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How to lose the MSU Elections

I never won anything, which most losers can’t claim.

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How to lose the MSU Elections

Published in The Silhouette, January 22 2014

I’m sorry.

Really, I am. I’m sorry that you’re knee-deep in this election, I’m sorry that there’s no backing out now without losing your integrity, and I’m sorry that despite all the helter-skelter, despite the forced smiles, the endless parading around, and the elaborate game of dress up, it’s not enough.

I’m sorry that after everything, you are still going to lose.

I know. I know. Last week I told you how to win the MSU election and so you stormed the MUSC with a wry grin, a heavy handshake, and a campaign with such intricacies that you were a scattershot of soundbits and paper-thin ideas. In some instances, your platform was so specific that it said nothing at all and other times it was so transparent that even you couldn’t see anything substantial about it.

But I also told you that in order to win you needed to lie, and you aren’t doing that exactly. This is not because you follow some grand moral compass or because doing so is simply beyond you; that would be a lie to say in and of itself. Instead in the beginning of all this, dear reader, the only thing that you have provided is the single truth hiding in between the breathes of your speeches, the boldface text of your campaign motto, and the white space of your pamphlets. It is this: one day you will lose. Luckily it happened now.

It may be hard to hear, but at least I’m telling you before the votes come in and you’re with all your friends and your nails are a scratch away from bloody sores and you can imagine yourself there in the MSU Presidential office and you can see all the good you’re doing and everyone seems so happy with you at the helm, and then the votes come in and you lost. Dead last. Congrats.

Truth is emancipating. It is liberating. And it is all you are, all you could have left behind after this madhouse. So be rid of the shackles by embracing these words: here is how to lose the MSU election.

First, don’t change anything. Keep doing you because you is not enough. No matter what you have done, will do, or plan to do, stereotypes will bleed into the debate. You’ll be seen as a white male propagating their privileged agenda, you’ll be described as an arrogant, self-righteous prick, and people will call you a militant feminist as if that were a bad thing. They’ll see you for religious preference. They’ll judge the sound of your voice. They’ll make decisions largely about the clothes you wear.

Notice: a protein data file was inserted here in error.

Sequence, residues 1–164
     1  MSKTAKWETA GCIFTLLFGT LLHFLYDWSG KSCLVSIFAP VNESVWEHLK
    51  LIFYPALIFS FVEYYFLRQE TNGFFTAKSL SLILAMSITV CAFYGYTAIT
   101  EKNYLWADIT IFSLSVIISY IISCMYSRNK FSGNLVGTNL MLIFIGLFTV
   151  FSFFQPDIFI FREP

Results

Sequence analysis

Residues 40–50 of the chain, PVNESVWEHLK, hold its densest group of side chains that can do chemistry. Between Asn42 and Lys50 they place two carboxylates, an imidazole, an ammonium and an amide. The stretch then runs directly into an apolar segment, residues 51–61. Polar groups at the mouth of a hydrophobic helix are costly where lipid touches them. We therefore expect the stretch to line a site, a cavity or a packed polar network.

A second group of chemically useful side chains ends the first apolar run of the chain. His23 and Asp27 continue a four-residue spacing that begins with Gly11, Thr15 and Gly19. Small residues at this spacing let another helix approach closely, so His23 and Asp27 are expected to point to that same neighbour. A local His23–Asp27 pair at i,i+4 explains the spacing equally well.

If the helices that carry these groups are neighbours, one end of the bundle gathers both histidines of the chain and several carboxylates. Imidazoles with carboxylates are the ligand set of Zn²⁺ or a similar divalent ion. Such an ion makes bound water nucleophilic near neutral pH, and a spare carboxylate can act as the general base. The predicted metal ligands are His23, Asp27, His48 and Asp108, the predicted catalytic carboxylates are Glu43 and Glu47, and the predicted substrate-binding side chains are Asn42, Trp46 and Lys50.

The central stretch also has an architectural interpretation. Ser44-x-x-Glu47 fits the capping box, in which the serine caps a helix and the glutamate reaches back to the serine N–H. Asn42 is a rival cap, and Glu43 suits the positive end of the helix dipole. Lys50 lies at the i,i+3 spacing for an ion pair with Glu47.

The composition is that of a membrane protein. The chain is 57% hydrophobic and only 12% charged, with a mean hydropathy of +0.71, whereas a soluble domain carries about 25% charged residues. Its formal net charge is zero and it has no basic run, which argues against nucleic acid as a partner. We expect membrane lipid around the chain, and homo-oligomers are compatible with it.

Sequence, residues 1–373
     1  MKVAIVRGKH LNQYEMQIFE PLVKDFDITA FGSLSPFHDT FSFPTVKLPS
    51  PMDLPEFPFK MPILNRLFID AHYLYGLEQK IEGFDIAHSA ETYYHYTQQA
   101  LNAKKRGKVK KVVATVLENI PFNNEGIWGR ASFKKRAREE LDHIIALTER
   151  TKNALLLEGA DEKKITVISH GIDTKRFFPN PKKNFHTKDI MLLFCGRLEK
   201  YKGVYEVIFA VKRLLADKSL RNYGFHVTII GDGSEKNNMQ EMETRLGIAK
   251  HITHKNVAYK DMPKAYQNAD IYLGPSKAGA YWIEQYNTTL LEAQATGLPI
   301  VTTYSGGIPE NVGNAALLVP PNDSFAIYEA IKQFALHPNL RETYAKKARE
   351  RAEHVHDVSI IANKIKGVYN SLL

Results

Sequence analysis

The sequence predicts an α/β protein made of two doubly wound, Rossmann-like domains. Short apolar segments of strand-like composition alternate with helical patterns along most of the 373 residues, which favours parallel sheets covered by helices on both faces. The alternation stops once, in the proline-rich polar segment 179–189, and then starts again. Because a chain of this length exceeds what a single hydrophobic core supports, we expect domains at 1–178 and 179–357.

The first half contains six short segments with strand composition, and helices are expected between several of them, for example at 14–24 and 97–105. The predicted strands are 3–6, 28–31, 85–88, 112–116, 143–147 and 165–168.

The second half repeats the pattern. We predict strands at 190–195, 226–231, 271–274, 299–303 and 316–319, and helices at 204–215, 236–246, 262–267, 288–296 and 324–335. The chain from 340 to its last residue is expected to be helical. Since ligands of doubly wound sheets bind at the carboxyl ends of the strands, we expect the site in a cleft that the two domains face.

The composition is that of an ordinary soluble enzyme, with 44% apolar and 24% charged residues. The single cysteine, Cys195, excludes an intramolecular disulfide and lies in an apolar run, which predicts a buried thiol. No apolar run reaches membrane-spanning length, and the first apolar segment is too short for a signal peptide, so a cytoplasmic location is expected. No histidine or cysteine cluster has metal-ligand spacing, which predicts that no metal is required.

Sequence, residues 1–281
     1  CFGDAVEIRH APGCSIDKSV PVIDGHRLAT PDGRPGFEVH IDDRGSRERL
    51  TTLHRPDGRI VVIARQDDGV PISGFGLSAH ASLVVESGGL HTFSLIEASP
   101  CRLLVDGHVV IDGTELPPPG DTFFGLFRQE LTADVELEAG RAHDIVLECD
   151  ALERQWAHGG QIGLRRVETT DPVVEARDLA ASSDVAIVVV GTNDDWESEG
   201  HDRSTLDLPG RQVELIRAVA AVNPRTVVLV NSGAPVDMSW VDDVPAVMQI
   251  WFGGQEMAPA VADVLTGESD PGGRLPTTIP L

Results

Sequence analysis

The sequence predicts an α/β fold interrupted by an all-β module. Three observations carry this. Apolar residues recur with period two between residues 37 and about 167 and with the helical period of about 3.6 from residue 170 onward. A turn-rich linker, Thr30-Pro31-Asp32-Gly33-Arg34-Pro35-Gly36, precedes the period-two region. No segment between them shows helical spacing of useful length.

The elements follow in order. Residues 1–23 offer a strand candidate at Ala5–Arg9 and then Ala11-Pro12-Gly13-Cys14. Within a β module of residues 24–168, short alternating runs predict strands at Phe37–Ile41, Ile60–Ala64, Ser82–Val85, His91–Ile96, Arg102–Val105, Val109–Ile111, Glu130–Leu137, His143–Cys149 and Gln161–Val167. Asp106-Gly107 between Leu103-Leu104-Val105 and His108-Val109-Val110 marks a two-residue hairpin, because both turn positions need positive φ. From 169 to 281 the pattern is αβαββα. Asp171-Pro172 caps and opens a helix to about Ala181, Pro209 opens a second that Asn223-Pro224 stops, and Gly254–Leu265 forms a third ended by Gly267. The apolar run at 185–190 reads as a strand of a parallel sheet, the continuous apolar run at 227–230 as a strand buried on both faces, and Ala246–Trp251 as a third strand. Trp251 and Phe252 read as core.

You’ll fight against it by supporting it: you’ll become anything but what you are – that person who has daily struggles connecting and reorganizing the flurry of lines that intersect your being. You don’t want to damage yourself by exposing your vulnerabilities, so you become a pretender, a momentary image crystallized in a suit, a tie, a dress. You’re a professional and you want everyone to know it, you most of all.

Yet you know that this behaviour is expected all the same, so you have no choice but to tow the line. Complacency works in your favour. In a way, you don’t want people to know that your breath smells in the morning, that your snore could wake Snorlax, or that you once peed your pants in grade five. You want to be relatable but not related; you want to be understandable but not completely understood.

And yet when you lose, you’ll be so awash in whom you pretended to be that you’ll forget who you are. All that will be left is the ghost of the policies that defined you, the slogans that spoke for you, and the colours that embodied you, rather than the other way around.

So please: forgot who you are in pursuit of what you want to be.

Besides, this divide between then and now, between the two people you see yourself being, is what a faceless mass wants. It is what we want. We want an image, rather than a person, and this will be your downfall. Don’t challenge it. Don’t try to change the dialogue to practicality and complexity. We crave the simple and reducible because we are that exactly. We’re a fickle mob with fickle needs; we are no more permanent than our four years here. Most of us just don’t care. We just want to get through the whole thing with our heads down and without rubbing too many elbows on our way in and out of the university’s revolving door.

But you won’t believe that in the electoral hype: the sounds, sights, and senses will confuse you, and you’ll oppose this acquiescence. You’ll give us more credit than we deserve and you’ll be torn apart as a result. Your accessibility will be clawed at again and again and again until we tear you apart. It’ll kill the person who you thought you were, sure, but hey, look at those organs, look at the colours, and look at all that blood.

Don’t worry, though. The MSU is the real loser. Its failings are why you lost in the end. You wanted to fix things. You needed to fix things. And your loss proves how broken things are. Now in your absence, the MSU is going to be in the same mess you wanted to change.

Serves us right, and I’m sorry for that too.

About kacperniburski

I am searching for something in between the letters. Follow my wordpress or my IG (@_kenkan)

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